They could have. Maybe those 2 fellas on the roadbed were nearby so it was quicker to "jump" the train rather than waiting for the follower to add up. At least at NYCT, they don't like adding and cutting trains with passengers aboard in case of a hard add or hard stop upon uncoupling. Last thing you want is a passenger injury and lawsuit.
When you have 4 cars and you have such a long gap, you should enter it with enough momentum so that you know you can get to the other side to pick up the third rail once again.
For those of you unfamiliar with CTA terminology, MM there are now referred to a “Rapid Transit Operators” due to the entire system being OPTO. An Instructor I know there claims that the title change was made when the system went OPTO since the M/M now had more duties than just stopping and starting the train. In NYCT, the title was changed from M.M to T/O because T/O is gender neutral.
Something I just thought of, on OPTO, on outside sections of the line, are there still mirrors on the outside of the T/O's cab to look back along the train, or have these been supplemented or replaced by cameras, with a monitor (?) of some sort visible to the operator in the cab.
I was thinking that just with a mirror, it might be difficult to view the entire train length, during any kind of heavy blizzard, or some kind of thick pea-soup fog; when it might become difficult to impossible to see more than maybe 1&1/2 cars looking back along the train.
I "think" this the intersection where the gap-out happened, Lake & Wells. Big radius curves, probably produced large areas of no third rail, plus whatever the shoe to shoe spacing was on the car, and ,bingo, we have a gap -out! The posters on Facebook said the operator was probably going too slowly through that intersection.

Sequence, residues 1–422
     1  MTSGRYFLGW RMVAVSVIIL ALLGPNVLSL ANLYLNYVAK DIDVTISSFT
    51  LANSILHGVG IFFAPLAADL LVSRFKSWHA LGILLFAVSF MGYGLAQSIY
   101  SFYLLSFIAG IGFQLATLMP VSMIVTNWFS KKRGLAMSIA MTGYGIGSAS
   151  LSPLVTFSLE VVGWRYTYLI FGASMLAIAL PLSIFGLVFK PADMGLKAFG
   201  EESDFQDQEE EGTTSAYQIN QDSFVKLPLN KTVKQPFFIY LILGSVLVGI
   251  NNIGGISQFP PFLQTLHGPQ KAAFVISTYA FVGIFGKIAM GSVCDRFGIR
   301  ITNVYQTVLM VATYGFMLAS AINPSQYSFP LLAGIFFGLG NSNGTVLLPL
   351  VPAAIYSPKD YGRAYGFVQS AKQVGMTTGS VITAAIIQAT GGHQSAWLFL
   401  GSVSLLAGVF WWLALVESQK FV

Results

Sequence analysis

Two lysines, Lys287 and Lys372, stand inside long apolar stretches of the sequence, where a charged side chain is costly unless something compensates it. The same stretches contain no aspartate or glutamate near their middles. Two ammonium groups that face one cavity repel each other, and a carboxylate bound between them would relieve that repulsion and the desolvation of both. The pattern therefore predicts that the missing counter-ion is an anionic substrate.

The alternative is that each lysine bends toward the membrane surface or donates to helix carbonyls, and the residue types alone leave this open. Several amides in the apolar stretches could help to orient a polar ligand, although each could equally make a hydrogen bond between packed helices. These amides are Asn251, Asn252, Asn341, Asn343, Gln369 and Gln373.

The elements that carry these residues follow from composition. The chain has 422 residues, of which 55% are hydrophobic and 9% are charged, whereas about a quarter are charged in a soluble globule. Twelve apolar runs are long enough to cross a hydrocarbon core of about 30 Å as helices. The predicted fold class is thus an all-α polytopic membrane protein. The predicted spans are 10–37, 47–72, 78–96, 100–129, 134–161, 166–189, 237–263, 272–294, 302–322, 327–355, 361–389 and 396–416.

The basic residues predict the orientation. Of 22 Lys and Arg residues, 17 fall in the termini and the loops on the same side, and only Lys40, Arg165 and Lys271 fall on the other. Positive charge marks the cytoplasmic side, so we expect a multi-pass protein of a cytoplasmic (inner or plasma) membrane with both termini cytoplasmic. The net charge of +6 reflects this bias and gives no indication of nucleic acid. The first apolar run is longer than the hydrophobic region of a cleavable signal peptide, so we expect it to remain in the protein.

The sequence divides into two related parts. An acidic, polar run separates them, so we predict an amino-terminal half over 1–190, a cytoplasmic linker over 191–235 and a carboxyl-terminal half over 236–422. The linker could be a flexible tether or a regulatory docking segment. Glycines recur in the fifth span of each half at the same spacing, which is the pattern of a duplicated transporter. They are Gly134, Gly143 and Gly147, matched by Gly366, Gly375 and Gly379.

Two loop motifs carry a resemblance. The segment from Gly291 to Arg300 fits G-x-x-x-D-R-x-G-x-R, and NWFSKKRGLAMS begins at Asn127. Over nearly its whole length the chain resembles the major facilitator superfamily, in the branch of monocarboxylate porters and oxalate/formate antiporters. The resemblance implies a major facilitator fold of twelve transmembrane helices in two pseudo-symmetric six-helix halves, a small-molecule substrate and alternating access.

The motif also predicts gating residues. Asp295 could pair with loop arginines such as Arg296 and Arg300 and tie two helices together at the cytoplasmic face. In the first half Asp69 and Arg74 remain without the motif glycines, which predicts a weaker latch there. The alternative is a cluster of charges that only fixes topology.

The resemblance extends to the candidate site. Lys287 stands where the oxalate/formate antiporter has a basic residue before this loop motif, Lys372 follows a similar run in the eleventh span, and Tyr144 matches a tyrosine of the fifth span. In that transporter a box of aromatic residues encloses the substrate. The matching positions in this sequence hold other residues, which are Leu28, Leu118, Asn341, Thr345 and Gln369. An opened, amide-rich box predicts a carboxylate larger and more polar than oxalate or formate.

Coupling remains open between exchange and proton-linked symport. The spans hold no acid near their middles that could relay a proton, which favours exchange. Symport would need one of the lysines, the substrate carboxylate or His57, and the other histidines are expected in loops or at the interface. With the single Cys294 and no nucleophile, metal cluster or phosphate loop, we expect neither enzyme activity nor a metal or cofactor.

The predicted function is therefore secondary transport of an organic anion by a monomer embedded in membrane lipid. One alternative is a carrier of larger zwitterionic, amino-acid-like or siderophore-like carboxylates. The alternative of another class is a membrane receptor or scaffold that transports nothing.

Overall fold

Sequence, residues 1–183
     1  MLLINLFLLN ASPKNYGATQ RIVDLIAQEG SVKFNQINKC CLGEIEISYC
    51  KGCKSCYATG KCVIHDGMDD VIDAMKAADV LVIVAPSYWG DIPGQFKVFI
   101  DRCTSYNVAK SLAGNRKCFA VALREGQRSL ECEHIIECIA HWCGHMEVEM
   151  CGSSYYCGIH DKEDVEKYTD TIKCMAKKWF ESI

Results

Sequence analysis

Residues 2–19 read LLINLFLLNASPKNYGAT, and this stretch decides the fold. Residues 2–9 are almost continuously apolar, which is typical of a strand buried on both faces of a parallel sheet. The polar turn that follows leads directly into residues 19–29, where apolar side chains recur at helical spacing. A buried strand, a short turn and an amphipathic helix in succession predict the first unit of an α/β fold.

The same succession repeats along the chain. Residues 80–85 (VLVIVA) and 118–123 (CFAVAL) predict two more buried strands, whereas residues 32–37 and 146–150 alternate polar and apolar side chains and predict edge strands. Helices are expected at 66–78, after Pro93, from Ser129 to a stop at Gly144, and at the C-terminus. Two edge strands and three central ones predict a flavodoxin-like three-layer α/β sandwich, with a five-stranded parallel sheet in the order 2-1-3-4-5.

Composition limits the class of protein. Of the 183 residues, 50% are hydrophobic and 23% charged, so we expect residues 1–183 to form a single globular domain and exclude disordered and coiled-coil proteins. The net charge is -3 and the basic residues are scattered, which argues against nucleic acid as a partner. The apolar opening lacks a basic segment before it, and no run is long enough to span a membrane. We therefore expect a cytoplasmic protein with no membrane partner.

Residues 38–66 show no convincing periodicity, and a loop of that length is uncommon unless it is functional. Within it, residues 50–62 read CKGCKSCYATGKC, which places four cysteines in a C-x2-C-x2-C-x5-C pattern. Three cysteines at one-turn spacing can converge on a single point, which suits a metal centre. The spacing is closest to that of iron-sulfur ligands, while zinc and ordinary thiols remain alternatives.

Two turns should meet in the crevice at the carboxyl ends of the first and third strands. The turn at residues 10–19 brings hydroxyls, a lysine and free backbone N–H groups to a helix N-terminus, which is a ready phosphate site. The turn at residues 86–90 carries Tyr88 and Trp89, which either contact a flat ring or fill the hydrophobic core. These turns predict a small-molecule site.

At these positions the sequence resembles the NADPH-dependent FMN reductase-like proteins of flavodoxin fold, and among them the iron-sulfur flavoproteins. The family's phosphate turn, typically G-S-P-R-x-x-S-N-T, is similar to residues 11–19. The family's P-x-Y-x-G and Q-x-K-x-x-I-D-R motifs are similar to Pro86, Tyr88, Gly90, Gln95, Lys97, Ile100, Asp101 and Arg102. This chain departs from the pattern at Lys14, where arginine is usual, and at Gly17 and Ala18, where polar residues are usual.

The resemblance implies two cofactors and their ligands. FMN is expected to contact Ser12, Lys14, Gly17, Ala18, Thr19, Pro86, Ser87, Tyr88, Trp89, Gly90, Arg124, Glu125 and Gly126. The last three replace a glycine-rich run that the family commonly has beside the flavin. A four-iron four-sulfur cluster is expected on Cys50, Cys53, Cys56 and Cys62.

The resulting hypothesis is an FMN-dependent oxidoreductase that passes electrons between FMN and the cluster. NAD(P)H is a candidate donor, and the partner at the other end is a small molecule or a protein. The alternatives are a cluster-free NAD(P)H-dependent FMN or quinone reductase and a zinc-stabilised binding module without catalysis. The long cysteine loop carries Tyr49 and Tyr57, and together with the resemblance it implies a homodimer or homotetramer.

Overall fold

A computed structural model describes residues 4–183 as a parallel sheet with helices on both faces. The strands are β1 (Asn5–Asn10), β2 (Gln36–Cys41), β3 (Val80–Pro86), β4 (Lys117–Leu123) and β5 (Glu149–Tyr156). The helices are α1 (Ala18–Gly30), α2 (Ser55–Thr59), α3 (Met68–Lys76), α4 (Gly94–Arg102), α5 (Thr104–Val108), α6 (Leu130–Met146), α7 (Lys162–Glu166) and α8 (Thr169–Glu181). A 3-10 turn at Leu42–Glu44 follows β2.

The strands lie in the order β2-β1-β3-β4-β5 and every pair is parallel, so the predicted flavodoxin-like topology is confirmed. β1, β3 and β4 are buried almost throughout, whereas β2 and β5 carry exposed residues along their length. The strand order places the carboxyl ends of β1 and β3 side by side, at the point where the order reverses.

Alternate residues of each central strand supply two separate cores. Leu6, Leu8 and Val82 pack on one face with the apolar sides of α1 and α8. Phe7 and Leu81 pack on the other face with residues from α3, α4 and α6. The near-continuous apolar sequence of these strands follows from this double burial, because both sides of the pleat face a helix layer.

Why not have a battery setup good for about one minute of 1/2 power?
That's more than enough to roll through any gap (1 min partial power would accelerate to at least 10 mph), and the batteries could power the lights for several hours, or the heat/AC for perhaps an hour. Enough battery to move the train a significant distance would be expensive and heavy, but just enough to move 100 yards ain't much. Could do it with nickel-iron Edison batteries which can last 50+ years.
A few years ago, the MTA experimented with4 R-32s that had flywheels installed so that the trains could keep moving in the event of either a sudden power outage or if the M/M inadvertently entered a power area. I never heard the results of the experiment.
He became a super. Congratulations to him! The first time I went to Chicago to look him up in 1989 at the recommendation of a friend at the NYCTA who had worked for him at the CTA, every other CTA employee who knew him had only the best things to say about him.
I think you misunderstood. CTA hasn't used the title superintendent in about 25 years. They were renamed managers. Different titles, but still bosses. I think he used the word super as an adjective to describe Mr. Zupko. John is still an instructor.
OK. A mutual friend did mention to me that John had been made a supt of the Blue Line at one point which would have been 20 plus years ago but John decided he preferred being an instructor and returned to his old title.